Monday, April 23, 2012

MPAA fails nicely in Australia...but damn, think about that for a minute....

Hollywood lost a legal battle in Australia last week, where they were trying to force local Internet Service Providers (ISP's) to be responsible for copyright infringement by their users.  This is actually the exact case that our douchebag friend Julian Assange informed us about, via the Wikileaks diplomatic cables, that the U.S. organization MPAA was actually behind it (through the local Australian equivalent, called AFACT).  That's right, they're suing ISP's in Australia to try to get them to watch everything their users do and say on the internet, in order to protect the century-plus long copyright on things like this.

Now beyond the mere insanity of going to these lengths, it's useful to note that in the cable, the U.S. Embassy seemed very friendly with the MPAA.  These folks have an outsize reach compared to the actual size of their entire industry.  Seriously, Google could by the entire U.S. movie industry before breakfast--literally.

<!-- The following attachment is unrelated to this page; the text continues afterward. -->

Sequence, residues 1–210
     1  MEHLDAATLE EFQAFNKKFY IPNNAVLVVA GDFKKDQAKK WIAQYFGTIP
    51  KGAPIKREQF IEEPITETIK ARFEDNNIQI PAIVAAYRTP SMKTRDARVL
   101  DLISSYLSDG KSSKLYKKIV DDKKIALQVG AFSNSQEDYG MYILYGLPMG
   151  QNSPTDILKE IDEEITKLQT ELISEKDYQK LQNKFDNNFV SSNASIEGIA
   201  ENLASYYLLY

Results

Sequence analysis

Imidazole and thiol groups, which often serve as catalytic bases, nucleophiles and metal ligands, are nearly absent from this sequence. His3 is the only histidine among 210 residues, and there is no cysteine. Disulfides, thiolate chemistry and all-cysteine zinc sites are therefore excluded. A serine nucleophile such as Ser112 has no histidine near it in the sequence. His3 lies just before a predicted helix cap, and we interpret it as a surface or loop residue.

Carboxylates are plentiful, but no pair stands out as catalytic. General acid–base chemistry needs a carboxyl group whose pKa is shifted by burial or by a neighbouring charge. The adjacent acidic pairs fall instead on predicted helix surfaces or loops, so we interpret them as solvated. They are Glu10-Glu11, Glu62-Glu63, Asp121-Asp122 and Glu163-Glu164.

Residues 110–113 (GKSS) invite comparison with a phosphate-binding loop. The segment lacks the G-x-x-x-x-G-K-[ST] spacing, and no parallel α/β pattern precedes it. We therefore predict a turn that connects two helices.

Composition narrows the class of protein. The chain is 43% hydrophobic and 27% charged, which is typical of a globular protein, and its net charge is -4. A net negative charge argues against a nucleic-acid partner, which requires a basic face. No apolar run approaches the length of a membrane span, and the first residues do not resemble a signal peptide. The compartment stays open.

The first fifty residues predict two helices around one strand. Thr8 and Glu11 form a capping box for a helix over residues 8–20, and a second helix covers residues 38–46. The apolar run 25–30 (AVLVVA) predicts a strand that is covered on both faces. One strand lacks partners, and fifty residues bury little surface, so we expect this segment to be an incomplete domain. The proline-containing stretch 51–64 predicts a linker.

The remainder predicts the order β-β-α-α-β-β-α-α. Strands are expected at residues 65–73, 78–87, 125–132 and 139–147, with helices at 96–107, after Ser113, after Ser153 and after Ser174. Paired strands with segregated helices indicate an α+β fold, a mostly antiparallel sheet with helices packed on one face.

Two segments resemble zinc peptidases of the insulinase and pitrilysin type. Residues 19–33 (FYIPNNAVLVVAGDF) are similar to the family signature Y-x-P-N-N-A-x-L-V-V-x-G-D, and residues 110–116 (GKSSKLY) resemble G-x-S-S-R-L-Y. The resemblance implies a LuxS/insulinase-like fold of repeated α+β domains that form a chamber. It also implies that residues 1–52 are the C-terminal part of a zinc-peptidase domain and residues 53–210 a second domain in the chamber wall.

And that, in turn, brings home the nature of their influence and the importance of this issue.  They are very visible.  People in the U.S. are rightly proud of our cultural imperialism--it has many benefits for us around the world in the battle for hearts and minds in the world, which even our incompetent politicians can't completely ruin.

But in all seriousness, a $36 billion industry is chickenshit in the U.S. of A.  That's just a fair size company.  Oracle, for example.  Google is $4 billion bigger, even, than the entire U.S. movie industry.

Yet they appear to have the regular attention of the U.S. diplomatic corps, and obviously quite of lot of clout in Congress.

So a small industry seeks to impose Orwellian monitoring of all internet use on a friendly country on the other side of the world.  Nice.  And our government not only doesn't object, but appears quite benevolently disposed.  Not a good thing.

So we can see the problem is a problem because these retards want to try to impose their control over everybody, not just people trying to make a buck from their work.  And that is why I believe that the expansion of fair use to cover all non-commercial activity is the only sane solution to this problem.

Nobody is going to let them get away with censoring or monitoring the entire internet just to get to a few bad actors.  But we seem perilously close to letting them do it in order to go after all of us.

1 comment:

  1. Apple has over 120 Billion in cash, they could buy Hollywood 4 times over? Hard to imagine.